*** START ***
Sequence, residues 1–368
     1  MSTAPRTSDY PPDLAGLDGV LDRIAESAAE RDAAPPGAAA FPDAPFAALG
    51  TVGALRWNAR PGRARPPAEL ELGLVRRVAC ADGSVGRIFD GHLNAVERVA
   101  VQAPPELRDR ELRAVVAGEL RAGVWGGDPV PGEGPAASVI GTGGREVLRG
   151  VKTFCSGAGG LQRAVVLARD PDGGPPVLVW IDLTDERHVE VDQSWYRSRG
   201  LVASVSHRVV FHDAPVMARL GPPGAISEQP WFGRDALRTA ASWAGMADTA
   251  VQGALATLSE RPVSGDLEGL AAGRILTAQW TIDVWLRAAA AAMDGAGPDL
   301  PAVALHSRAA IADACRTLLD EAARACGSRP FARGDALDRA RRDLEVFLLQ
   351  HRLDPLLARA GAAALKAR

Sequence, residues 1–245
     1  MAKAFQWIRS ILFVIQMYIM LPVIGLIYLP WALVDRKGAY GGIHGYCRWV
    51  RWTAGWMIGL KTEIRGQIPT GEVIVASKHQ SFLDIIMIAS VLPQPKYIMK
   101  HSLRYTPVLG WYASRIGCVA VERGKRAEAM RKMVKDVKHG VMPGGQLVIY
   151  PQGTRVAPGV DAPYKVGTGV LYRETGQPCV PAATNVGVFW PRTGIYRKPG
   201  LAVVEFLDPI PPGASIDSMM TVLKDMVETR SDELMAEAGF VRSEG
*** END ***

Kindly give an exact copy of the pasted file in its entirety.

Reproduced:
Sequence, residues 1–368
     1  MSTAPRTSDY PPDLAGLDGV LDRIAESAAE RDAAPPGAAA FPDAPFAALG
    51  TVGALRWNAR PGRARPPAEL ELGLVRRVAC ADGSVGRIFD GHLNAVERVA
   101  VQAPPELRDR ELRAVVAGEL RAGVWGGDPV PGEGPAASVI GTGGREVLRG
   151  VKTFCSGAGG LQRAVVLARD PDGGPPVLVW IDLTDERHVE VDQSWYRSRG
   201  LVASVSHRVV FHDAPVMARL GPPGAISEQP WFGRDALRTA ASWAGMADTA
   251  VQGALATLSE RPVSGDLEGL AAGRILTAQW TIDVWLRAAA AAMDGAGPDL
   301  PAVALHSRAA IADACRTLLD EAARACGSRP FARGDALDRA RRDLEVFLLQ
   351  HRLDPLLARA GAAALKAR

Sequence, residues 1–245
     1  MAKAFQWIRS ILFVIQMYIM LPVIGLIYLP WALVDRKGAY GGIHGYCRWV
    51  RWTAGWMIGL KTEIRGQIPT GEVIVASKHQ SFLDIIMIAS VLPQPKYIMK
   101  HSLRYTPVLG WYASRIGCVA VERGKRAEAM RKMVKDVKHG VMPGGQLVIY
   151  PQGTRVAPGV DAPYKVGTGV LYRETGQPCV PAATNVGVFW PRTGIYRKPG
   201  LAVVEFLDPI PPGASIDSMM TVLKDMVETR SDELMAEAGF VRSEG